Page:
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Paper 4 - Rachel Brinkley Paper#4 ENWR 110 Between Genders...

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Rachel Brinkley Paper #4 ENWR 110- Between Genders 11/28/07 Heterosexual Parent Home: Necessary for Undisrupted Social and Sexual Development In our society, parents have always played an important role in the raising of their children. They are expected to teach them the ways of society and raise them accordingly. The most conventional setup in a home is one of two oppositely sexed parents that both follow the normal gender roles. Single parent and gay parent homes have been a controversial issue for some time, due to the fact people feel a child should have a mother figure and a father figure in their lives. At first glance this need for both parent figures may seem like an unfair and out-of-date assumption to make. However, without two, opposite sexed parents a child might not develop the “normal” gender roles that we are accustomed to in our society or have a normal, healthy social life. Once one understands the consequences of not having the conventional two opposite-sexed set of parents, one will realize how detrimental it is for development and why courts often rule in child custody case against the single or gay parent homes. Therefore, it is desired for a child to grow up in a “normal” gender based family opposed to a single parent home or gay parent home, in order to have successful, undisrupted development, socially and sexually. Social development is a crucial part of growing up for a child. They should be capable of making friends, being in public, and having normal emotional development. Some of the issues that a child who is raised in an unconventional parent home might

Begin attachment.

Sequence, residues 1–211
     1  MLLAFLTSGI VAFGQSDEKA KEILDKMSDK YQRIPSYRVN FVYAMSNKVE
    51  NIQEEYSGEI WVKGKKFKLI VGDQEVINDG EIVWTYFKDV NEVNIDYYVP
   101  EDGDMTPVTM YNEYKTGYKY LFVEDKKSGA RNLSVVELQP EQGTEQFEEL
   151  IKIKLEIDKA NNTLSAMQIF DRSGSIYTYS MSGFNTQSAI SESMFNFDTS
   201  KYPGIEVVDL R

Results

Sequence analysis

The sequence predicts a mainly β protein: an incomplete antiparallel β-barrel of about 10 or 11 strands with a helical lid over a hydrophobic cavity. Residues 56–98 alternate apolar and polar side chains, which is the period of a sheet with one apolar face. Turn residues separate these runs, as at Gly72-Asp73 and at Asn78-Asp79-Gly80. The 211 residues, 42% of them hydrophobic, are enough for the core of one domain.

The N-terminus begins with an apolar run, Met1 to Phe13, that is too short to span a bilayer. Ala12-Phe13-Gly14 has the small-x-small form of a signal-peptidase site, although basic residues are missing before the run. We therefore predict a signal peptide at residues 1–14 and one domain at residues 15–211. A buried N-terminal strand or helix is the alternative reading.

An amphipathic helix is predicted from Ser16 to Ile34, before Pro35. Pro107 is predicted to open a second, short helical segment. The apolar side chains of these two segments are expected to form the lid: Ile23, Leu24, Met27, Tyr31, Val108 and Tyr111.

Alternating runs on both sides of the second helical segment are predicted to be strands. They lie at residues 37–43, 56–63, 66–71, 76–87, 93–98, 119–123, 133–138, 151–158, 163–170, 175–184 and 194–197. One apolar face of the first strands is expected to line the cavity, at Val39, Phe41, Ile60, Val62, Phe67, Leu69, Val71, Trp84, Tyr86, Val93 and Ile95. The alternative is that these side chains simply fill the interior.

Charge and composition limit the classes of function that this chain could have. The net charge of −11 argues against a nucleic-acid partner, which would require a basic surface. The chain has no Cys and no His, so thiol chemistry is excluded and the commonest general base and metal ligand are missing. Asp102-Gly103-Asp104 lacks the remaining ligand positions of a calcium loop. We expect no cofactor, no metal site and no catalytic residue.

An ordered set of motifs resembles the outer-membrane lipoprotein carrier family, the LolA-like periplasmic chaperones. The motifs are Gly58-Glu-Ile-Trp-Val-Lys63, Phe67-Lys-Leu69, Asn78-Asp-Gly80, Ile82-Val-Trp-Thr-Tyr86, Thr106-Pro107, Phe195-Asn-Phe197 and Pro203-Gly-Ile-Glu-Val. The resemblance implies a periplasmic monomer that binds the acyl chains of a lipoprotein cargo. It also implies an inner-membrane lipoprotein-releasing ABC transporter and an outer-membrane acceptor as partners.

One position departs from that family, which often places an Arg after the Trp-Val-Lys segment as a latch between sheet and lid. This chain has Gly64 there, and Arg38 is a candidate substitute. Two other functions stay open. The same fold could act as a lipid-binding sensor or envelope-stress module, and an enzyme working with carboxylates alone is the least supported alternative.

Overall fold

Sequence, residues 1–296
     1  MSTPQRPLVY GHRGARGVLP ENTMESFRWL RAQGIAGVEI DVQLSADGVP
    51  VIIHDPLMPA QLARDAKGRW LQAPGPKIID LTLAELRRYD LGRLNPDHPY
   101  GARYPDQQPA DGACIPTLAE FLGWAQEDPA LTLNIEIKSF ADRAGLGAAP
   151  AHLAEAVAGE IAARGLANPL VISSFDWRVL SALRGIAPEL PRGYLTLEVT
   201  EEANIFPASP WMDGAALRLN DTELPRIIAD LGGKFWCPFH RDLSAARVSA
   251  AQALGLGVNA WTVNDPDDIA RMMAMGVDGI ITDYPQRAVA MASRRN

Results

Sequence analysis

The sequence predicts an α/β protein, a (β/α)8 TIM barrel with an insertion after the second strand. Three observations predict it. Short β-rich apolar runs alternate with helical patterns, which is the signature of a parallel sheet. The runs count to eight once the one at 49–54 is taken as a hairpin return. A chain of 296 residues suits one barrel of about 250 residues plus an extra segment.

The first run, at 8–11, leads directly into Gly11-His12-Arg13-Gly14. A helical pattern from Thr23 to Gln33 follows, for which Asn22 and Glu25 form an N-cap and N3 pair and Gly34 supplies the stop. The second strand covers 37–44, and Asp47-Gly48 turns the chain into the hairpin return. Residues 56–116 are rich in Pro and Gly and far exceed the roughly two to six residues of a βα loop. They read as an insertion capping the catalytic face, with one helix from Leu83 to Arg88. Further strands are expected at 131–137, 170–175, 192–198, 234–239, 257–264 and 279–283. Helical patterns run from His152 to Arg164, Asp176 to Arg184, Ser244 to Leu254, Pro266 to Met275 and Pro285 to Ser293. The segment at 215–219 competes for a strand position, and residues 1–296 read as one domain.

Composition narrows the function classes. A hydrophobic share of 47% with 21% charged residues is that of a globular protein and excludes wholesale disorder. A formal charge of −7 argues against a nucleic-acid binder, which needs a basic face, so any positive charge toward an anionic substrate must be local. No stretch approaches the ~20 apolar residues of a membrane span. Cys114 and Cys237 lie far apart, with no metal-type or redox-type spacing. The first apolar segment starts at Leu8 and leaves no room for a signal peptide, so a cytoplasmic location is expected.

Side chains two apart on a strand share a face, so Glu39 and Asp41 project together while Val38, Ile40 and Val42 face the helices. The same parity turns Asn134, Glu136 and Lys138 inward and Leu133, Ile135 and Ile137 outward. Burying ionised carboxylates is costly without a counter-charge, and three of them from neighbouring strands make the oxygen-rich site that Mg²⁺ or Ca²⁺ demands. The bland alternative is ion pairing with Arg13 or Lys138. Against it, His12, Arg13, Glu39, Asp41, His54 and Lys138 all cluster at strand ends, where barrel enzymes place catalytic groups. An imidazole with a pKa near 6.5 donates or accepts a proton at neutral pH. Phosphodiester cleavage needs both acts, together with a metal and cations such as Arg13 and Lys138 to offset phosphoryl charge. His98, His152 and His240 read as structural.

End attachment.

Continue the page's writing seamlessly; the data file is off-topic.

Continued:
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face are dealing with these social aspects. Since our society has not yet become comfortable with gay and lesbian marriages and relationships, these children who have them for parents consequently suffer socially. They are often ridiculed by other children, who might not know that they are being hurtful, but just know that theirs and most other parents and not like that. One of the areas of concern “is that children of lesbian and gay parents will experience difficulty in social relationships. For example, some observers have expressed concern that children living with lesbian mothers or gay fathers will be stigmatized, teased, or otherwise victimized by peers” (Paige 1). Although it is inevitable that all children are going to be teased at some point in their lives, why would one want for their child to be automatically placed in a position for mockery? Not only could a child be teased for having abnormal parents, they could also be left out due to their parent’s sexual orientation. Neighbors, other family members, and parents might not allow their children to play at the houses of the children raised by the gay parents. This
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